What Five-Carbon Sugars Are Found in DNA Nucleotides?

The five-carbon sugar found in DNA nucleotides is called 2?-deoxyribose. It is similar to the ribose, a sugar found in RNA. Deoxyribose has one fewer oxygen molecule. Ribose and deoxyribose are the only five-carbon sugars found in nature.

The other two components in DNA include a triphosphate and a base that contains nitrogen. These three components make up a nucleotide. Each strand of the double helix in DNA is made up of a string of nucleotides. The triphosphate molecules each bind to two five-carbon sugars to create a chain. The base binds to the other side of the 2?-deoxyribose.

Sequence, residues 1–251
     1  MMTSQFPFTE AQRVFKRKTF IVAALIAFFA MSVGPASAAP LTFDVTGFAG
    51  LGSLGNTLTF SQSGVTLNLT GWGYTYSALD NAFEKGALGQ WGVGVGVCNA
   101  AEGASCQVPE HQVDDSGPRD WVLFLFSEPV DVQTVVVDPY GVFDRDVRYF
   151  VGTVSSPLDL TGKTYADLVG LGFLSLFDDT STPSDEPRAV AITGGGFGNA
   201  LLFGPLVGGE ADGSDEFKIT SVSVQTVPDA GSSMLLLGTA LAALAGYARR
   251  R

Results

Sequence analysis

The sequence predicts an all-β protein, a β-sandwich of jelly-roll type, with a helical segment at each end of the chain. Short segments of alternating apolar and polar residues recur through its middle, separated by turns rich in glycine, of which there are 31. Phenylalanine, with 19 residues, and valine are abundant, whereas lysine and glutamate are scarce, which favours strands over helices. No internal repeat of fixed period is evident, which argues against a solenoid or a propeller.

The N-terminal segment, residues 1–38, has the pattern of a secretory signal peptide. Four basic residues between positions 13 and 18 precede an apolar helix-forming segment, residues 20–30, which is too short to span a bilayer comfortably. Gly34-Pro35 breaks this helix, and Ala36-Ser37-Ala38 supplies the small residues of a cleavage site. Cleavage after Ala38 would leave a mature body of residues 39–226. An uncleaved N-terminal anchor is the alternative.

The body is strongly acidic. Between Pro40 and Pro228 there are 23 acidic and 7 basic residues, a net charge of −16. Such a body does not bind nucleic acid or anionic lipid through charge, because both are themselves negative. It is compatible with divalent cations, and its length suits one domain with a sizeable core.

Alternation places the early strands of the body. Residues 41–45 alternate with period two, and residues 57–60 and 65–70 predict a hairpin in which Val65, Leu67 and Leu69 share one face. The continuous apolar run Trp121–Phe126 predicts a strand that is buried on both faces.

The four bases found in DNA are adenine, cytosine, guanine and thymine. Adenine and guanine are a type of molecules called purines and have two carbon-nitrogen rings. Cytosine and thymine are a type of molecules called pyrimidines and have one carbon-nitrogen.

When the two chains of nucleotides come together, they form a double helix that looks like a ladder. The bases are in the center of the helix, or the rungs of the ladder. Adenine binds with thymine and cytosine binds with guanine. The outside of the double helix is formed by the sugar-phosphate backbone.

Unlike DNA, RNA consists of a single strand of nucleotides made up of ribose, triphosphates and a base. The four bases found in RNA are adenine, guanine, cytosine and uracil.